Sport and Community Development Minister Shamfa Cudjoe in an emergency virtual meeting of all major stakeholders of football on Thursday clearly articulated the Government’s expressed concern on implications of the debacle between the T&T ousted executive of the T&T Football Association (TTFA) and FIFA, the governing body for the sport.
Thirty-nine persons representing various clubs and interest groups attended the meeting which represented a wide spectrum of stakeholders and membership of the TTFA.
The invitation for the meeting was also extended to all members of the former TTFA executive including president William Wallace, however, neither he nor the other executive members which included vice-presidents Clynt Taylor, Susan Joseph-Warrick and Joseph Sam Phillip attended as was reported by Guardian Media Sports, yesterday.
Following the decision taken and subsequent communication by FIFA in a letter on Wednesday to Robert Hadad, chairman of the Normalisation Committee of the TTFA, the issue of the future development of football and the loss of return on years of investment in the sport is under severe threat.
In its letter, FIFA clearly outlined its position on the claim between TTFA and FIFA at the T&T High Courts and drew attention to Article 59 of the FIFA Statute, which expressly contains the prohibition of recourse to ordinary courts unless specifically provided for. In the letter, FIFA underlined that the failure to meet these obligations may, according to Article 14, paragraph 4, of the FIFA Statutes, “lead to sanctions as provided for in the FIFA Statutes, including a possible suspension.”
Such sanctions can and will have a devastating impact on football in T&T.
At the meeting, chairman of the Sport Company of T&T, Douglas Camacho shared his interpretation of the implications of a decision of suspension by FIFA, the most critical of which would be on local athletes.
Firstly, a decision to suspend T&T’s membership will mean youth national teams to senior national teams cannot participate in any international football competition including friendlies.
Players would not have the opportunity to compete in the FIFA World Cup Qualifiers forcing some players into retirement and the marketability of players will be affected with youth national players not being afforded the scouting opportunities at these qualifying matches.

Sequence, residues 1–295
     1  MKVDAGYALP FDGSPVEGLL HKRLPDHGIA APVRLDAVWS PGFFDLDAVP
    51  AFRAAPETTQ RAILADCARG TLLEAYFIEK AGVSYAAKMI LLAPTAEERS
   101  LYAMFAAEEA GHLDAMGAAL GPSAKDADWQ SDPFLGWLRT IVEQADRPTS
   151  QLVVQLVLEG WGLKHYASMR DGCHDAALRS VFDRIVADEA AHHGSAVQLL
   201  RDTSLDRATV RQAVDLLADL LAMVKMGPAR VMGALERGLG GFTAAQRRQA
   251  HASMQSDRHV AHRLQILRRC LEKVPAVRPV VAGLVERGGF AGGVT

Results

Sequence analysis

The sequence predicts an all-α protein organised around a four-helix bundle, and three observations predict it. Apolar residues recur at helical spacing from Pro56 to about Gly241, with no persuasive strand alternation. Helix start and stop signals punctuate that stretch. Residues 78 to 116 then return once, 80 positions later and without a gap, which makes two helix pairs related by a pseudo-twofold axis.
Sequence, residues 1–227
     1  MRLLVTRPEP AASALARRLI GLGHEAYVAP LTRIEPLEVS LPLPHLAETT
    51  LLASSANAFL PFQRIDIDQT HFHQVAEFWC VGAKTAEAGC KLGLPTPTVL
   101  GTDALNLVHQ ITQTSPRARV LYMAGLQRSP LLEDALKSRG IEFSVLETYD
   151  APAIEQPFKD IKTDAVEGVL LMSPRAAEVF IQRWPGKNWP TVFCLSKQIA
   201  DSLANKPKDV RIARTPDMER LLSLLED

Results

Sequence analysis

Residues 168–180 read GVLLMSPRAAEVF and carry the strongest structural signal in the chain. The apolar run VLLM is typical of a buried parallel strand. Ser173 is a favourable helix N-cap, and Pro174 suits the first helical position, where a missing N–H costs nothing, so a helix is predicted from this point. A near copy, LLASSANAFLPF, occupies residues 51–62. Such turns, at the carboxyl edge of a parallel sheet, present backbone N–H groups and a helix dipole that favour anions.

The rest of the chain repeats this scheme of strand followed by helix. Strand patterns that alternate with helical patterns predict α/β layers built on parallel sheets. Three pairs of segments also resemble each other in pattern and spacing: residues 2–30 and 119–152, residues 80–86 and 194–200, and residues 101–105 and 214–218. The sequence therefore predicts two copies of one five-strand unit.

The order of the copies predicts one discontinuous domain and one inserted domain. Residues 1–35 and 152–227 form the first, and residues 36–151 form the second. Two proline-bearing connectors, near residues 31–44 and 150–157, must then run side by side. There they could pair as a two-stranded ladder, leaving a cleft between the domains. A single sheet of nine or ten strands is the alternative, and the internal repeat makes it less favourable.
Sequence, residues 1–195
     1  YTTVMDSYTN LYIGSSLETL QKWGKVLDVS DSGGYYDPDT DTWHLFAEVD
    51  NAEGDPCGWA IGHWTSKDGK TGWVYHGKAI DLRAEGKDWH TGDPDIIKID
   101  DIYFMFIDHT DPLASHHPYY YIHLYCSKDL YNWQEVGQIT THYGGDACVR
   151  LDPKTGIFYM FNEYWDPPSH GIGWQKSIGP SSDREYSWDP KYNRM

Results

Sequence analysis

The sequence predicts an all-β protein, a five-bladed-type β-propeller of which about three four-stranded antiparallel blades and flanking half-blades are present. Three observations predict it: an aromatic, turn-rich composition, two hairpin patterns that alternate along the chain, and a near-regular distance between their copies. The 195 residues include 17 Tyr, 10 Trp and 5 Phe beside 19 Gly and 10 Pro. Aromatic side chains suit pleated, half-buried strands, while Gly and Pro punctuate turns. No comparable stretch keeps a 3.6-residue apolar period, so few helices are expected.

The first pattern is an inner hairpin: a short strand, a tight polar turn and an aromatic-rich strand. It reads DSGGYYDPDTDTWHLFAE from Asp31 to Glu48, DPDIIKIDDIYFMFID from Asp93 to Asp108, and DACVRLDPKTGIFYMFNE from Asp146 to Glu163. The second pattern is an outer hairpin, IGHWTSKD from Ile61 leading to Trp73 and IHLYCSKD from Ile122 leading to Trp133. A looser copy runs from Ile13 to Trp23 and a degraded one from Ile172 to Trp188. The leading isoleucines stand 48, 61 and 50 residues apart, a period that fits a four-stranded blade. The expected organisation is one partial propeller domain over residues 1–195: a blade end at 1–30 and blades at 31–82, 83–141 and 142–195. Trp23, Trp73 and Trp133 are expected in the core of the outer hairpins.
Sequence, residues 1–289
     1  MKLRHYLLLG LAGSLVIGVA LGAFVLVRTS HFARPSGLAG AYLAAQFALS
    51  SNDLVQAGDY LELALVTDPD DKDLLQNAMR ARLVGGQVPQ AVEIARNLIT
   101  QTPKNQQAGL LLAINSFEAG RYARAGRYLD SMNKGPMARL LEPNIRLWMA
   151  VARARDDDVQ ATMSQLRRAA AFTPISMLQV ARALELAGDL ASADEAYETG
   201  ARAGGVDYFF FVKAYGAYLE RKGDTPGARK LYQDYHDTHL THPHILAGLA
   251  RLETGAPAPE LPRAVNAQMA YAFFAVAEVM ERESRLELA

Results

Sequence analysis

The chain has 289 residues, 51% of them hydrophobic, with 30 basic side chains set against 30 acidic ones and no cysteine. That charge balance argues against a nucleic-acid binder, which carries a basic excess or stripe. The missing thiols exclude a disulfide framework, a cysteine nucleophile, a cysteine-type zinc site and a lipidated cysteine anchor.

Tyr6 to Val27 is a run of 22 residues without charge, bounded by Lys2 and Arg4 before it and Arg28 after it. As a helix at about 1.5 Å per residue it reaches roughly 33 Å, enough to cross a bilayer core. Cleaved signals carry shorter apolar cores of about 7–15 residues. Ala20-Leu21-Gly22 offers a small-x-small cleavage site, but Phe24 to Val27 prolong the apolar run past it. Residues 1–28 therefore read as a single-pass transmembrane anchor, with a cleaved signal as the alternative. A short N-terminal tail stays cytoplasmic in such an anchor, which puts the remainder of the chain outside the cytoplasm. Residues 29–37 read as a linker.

According to Comacho, youth teams will not be able to travel to compete in sanctioned club tournaments outside of T&T, example the Dallas Cup. Scholarship opportunities will also be impacted as players who play at the CONCACAF Under-17 to U-20 tournaments are positioned to be seen by North American college scouts.
There will be a loss of investment from the private sector, resulting in TTFA's continued indebtedness.
Local clubs will not be allowed to compete in the CONCACAF Champions League, no opportunity for referee appointments, match commissioner appointments at any international tournament and T&T will not have access to development programmes from FIFA, CONCACAF, Caribbean Football Union (CFU) or any confederation or Member Association which will subsequently affect its FIFA rankings.
When the floor was opened to the members, those who spoke shared their concerns about the situation, indicating that the actions taken by the four individuals of the United TTFA were without the support of the membership and that they were not approached for their position before these legal proceedings began.
They expressed that this situation had to be looked at from the athlete’s position and it was their duty to support the FIFA Normalisation Committee and the sustained development of the sports sector.
The Sports Minister called on the members to “take action and let good sense prevail in the matter.” She reminded them “about the work and investment that the Government has and continues to make in football and the campaign for FIFA World Cup Qatar 2022, the opportunities that will be lost for economic expansion through sports tourism and the loss in the potential, that sport and in particular football, has for addressing the ills in many communities”.
According to Minister Cudjoe, the situation that the TTFA now finds itself, with the appointment of the Normalisation Committee, is as a result of years of poor management in football administration, and the continued indebtedness that the association is now in, and that what was now required is vision, strategy, financial prudence, sound management and structure.
This is the purpose of the Normalisation Committee and FIFA's suspension and sanctions will push T&T’s position back decades to the detriment of all and especially the young ones.
Cudjoe said that it will be “ludicrous for the football fraternity to expect the government and hard-working taxpayers to bail out TTFA after years of mal management or for the private sector to continue to make an investment when there is no clear direction or opportunities for growth and prosperity.” She, therefore, called on the right-thinking stakeholders at the meeting “to step up; your action or inaction can shatter the dreams of our athletes and our youth.”